Saturday, August 1, 2015

2015 ILA Conference: Closing Ceremony and Exhibit Hall

Monday, July 18, 2015
Day 3: Closing Ceremony and Exhibit Hall

Today was our final day at ILA. We joined the 6,000 other attendees to finish out the conference by listening to two speakers: Dr. Stephen Peters and Octavia Spencer.

Stephen Peters

Peters was a classroom teacher and administrator, but through his dedication became the CEO of The Peter's Group, a group that aids at-risk and honor students in the United States. In Peter's presentation, he talked about the educators that inspired him to become the success he is today.

But along with his background, Peters also addressed the problems students face today because of the decline of the family. From studies done by The Peter's Group, Peters talked about how the influences on children today have changed dramatically from the past. In the 1950s, the top five influences on children were Home, School, Church, Peers, and TV. Today, the top five influences on children are TV/Media, Peers, Church, School, and Home. Peters knows teachers cannot take the place of parents. He asked that parents take a stronger stand in helping their children succeed in life.

Peters also discussed how poverty is still a big problem in our society today. He has a special saying that he quotes often in his books, "Literacy is the vaccine for poverty." Once we give people an education, they can learn to rise above their monetary challenges and then give back to their communities.

Octavia SpencerThe final speaker was Octavia Spencer, Academy Award winning actress and recent YA author. Marcie Post, Executive Director of ILA, had a Q&A session with Octavia where two middle school students asked Octavia questions about her upbringing, reading history, acting, and writing.

Octavia admitted she has dyslexia and ADHD. These two problems made her life difficult when it came to reading. But the books that helped her become a reader were mystery books. She said that knowing there was a problem she could solve helped her continue reading even though it was a struggle. So with her new series, Randi Rhodes, Ninja Detective, she wanted to make it a mystery to help other struggling readers to learn to like books.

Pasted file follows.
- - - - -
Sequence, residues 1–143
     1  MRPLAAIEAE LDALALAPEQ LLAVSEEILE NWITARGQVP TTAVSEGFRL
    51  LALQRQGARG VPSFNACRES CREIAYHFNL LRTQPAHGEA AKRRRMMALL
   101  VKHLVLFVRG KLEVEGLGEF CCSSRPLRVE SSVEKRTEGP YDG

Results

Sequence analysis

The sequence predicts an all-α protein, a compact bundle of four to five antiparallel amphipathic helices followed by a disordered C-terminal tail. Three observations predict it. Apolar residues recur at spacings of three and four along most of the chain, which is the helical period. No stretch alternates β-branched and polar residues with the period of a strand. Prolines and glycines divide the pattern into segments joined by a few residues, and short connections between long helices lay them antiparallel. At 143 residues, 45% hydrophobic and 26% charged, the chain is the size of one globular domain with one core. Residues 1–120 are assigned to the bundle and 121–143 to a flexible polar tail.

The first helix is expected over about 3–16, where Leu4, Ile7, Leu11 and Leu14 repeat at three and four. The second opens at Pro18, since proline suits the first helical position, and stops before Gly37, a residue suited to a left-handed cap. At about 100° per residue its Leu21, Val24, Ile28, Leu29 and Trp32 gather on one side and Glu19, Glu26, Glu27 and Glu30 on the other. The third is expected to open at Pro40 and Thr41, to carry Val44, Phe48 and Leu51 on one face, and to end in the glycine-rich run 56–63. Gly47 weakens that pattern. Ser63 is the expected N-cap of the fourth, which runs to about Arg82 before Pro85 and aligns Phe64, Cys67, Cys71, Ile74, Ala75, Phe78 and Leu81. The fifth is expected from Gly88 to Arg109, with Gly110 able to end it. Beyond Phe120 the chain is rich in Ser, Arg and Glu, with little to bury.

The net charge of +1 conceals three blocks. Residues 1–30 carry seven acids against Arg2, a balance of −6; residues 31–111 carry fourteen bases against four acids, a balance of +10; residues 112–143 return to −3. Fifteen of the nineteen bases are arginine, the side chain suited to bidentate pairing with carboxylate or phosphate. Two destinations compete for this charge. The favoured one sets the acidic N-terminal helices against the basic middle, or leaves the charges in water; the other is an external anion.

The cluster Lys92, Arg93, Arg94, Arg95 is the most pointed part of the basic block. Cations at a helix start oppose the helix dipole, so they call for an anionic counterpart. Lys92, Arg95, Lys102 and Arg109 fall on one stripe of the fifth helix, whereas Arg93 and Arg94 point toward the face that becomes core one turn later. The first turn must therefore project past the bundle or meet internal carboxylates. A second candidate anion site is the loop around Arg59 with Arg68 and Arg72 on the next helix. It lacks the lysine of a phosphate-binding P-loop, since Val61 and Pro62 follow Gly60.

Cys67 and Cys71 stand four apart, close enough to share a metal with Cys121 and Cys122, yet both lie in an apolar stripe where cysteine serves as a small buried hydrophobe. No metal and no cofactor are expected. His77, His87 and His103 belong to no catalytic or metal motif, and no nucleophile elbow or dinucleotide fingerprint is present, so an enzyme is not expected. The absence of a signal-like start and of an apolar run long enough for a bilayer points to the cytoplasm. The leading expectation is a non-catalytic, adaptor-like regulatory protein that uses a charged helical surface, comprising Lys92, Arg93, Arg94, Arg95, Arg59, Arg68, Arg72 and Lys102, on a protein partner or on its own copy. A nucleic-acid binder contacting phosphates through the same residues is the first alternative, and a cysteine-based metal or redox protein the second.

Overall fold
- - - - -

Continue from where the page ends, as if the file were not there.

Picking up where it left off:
With her acting, she credits her mother for her success. When Octavia admitted she wanted to become an actress, her mother didn't like the idea, but still supported Octavia in any way she could. But before Octavia pursued an acting career, her mother gave Octavia some guiding advice. She said Octavia should never give into the pressures of changing who she is personally, morally, or physically to suit the needs of others. That if she stayed true to herself she would be rewarded for it. At first it was a struggle getting acting jobs and staying true to herself, but eventually she was rewarded by her performance in the movie The Help.

Octavia is an advocate for those who deal with dyslexia and ADHD. She wants the world to know that you can still be successful while dealing with these mental challenges.

When the ceremony was over, we joined the flood of conference goers towards the Exhibit Hall. This time, however, we didn't see many authors. Only a few were doing book signings. But on this day, most of the booths were giving away or cutting prices on their goods. Brand new hardcover books were $10 to $5, while paperbacks were $2 or free. This is when our stash of books REALLY grew (as seen by the photo on the right). In the end I brought home SEVEN book bags full of awesome reads!

Thanks for checking out my time at ILA! I hope I conveyed what an incredible experience it was to attend. Check out the authors I mentioned in previous posts and keep an eye out for the books they will be publishing soon. Lots of amazing reads ahead! 

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